“Now, as I write, and think once more of our history, which is but a long account of calamities…” – W.G. Sebald, The Rings Of Saturn
At the start of the 20th century Britain was a film-making superpower. By the end of the 1970s it was a cottage industry specialising in soft-core, hard-to-watch sex comedies. This reversal of fortunes is most vividly demonstrated by the films produced at Bushey studios at the beginning and end of its existence. It was built in 1913 by painter Sir Hubert von Herkomer in the back garden of his own home, an ornate Bavarian anomaly in the middle of the Hertfordshire suburbs, to elevate film, then a medium strictly for the masses, into a genuine art. Seven decades later, the studio was hired out to Britain’s then pornographer-in-chief David Sullivan to produce what is often regarded as the nadir of the British sex comedy – but also the most profitable. Come Play With Me made Mary Millington a star overnight, a prototype Jordan, a glamour model who somehow became a household name. Her encounter with fame was brief, marred by bouts of depression and kleptomania, and brought to a sudden end by a lethal cocktail of gin and paracetamol.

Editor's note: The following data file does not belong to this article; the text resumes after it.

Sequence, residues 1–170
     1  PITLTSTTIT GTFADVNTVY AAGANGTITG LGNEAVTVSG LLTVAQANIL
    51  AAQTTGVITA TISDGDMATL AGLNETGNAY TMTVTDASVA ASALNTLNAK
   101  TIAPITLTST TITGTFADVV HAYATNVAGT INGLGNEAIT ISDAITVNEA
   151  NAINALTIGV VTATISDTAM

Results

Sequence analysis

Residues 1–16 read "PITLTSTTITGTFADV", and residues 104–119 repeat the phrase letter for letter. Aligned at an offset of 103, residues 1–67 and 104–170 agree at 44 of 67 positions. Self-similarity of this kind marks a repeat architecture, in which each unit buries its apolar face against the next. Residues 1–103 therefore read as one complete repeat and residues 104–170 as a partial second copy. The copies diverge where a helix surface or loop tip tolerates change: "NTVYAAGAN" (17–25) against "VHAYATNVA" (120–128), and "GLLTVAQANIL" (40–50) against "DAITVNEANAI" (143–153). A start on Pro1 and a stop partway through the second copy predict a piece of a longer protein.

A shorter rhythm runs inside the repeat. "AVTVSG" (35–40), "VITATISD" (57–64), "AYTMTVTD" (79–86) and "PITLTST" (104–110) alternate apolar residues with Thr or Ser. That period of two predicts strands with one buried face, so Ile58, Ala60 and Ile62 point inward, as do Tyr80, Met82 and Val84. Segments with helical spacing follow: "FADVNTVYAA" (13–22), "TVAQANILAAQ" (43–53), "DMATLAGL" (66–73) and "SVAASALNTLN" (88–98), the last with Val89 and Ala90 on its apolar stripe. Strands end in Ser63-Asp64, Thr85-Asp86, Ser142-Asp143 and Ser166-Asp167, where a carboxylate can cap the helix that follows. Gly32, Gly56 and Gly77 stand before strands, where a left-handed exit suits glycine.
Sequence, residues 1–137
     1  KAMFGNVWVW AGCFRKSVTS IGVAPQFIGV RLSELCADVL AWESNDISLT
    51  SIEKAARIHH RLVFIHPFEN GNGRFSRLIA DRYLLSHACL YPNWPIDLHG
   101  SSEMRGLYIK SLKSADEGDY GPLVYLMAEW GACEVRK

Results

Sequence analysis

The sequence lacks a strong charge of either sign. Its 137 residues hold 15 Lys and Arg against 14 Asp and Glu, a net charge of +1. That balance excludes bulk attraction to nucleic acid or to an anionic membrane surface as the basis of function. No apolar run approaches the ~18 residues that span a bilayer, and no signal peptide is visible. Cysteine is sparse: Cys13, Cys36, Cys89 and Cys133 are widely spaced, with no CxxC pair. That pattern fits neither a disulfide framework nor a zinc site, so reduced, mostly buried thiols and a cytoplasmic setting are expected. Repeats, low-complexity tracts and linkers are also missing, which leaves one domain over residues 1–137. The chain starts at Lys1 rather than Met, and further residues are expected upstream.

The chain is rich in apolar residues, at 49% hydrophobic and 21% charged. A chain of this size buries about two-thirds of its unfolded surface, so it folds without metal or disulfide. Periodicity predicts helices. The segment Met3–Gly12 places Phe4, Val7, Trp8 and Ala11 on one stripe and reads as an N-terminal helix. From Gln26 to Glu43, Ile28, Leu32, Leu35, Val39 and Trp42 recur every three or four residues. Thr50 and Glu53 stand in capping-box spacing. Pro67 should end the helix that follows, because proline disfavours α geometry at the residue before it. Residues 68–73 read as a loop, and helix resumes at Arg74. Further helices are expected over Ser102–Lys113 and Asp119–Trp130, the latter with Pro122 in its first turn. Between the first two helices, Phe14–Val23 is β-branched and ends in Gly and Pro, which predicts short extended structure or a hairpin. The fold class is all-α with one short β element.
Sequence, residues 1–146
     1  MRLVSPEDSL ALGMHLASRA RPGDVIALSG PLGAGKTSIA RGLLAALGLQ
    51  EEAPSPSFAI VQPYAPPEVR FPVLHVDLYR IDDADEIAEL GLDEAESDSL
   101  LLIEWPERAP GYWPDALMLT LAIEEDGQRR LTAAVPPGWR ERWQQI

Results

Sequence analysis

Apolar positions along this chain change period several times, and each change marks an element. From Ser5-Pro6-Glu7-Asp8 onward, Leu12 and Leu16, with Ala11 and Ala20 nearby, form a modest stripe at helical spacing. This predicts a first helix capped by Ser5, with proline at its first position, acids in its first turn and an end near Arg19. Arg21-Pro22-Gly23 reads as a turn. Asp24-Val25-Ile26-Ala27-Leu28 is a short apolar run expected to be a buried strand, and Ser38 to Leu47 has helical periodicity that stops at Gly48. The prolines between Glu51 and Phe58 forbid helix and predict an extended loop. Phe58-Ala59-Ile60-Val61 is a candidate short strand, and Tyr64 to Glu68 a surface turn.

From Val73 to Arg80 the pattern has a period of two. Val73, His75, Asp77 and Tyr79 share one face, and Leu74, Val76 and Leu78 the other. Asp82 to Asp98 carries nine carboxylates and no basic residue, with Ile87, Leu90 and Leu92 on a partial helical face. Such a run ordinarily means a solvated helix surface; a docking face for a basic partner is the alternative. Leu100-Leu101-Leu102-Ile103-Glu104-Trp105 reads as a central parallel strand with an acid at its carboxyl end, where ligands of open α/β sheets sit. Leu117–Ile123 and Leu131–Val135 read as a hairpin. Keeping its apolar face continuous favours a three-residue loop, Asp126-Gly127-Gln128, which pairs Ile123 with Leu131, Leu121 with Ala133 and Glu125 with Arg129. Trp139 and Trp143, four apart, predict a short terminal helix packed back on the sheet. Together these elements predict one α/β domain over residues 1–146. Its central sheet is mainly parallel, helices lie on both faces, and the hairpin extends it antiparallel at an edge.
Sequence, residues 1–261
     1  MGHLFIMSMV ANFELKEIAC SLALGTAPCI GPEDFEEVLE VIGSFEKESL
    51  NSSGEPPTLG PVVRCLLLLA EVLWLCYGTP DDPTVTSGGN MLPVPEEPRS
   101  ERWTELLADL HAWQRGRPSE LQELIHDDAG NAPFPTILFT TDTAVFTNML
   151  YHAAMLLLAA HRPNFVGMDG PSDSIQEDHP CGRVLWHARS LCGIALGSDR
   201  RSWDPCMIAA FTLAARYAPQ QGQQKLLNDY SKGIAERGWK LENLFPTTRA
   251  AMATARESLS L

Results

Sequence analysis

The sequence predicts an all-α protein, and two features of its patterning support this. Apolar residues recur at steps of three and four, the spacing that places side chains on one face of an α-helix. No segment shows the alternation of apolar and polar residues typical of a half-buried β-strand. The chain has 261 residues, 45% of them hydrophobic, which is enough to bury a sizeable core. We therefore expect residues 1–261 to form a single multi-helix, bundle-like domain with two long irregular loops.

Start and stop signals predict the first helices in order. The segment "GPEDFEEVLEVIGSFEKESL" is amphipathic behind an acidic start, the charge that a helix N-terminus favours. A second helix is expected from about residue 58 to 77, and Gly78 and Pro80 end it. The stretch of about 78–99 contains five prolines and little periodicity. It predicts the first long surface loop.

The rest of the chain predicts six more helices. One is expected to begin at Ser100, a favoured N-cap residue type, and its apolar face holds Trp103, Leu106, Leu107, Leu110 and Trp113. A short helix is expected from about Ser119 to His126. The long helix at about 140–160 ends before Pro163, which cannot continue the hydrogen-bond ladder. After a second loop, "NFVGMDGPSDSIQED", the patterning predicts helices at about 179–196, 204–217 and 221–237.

Bushey was only one of dozens of studios built to service the British film industry in its heyday. An industry, let’s not forget, that can justifiably claim to have invented the star system, the chase film and the close-up. Like Bushey, most of these studios didn’t make it past the 1980s. Unlike Bushey, most are still standing. They may be disguised as insurance offices, provincial theatres or storage units, with only a plaque or a rudimentary sign providing a clue to their cinematic origins. But they’re still there. Littering London and its outskirts, they form a chain around the capital. Usually no more than 15 miles apart, they are way-stations on a pilgrimage. This walking tour, from Gainsborough to Welwyn Garden City, takes in 11 studios and covers over 80 miles. This may take a while.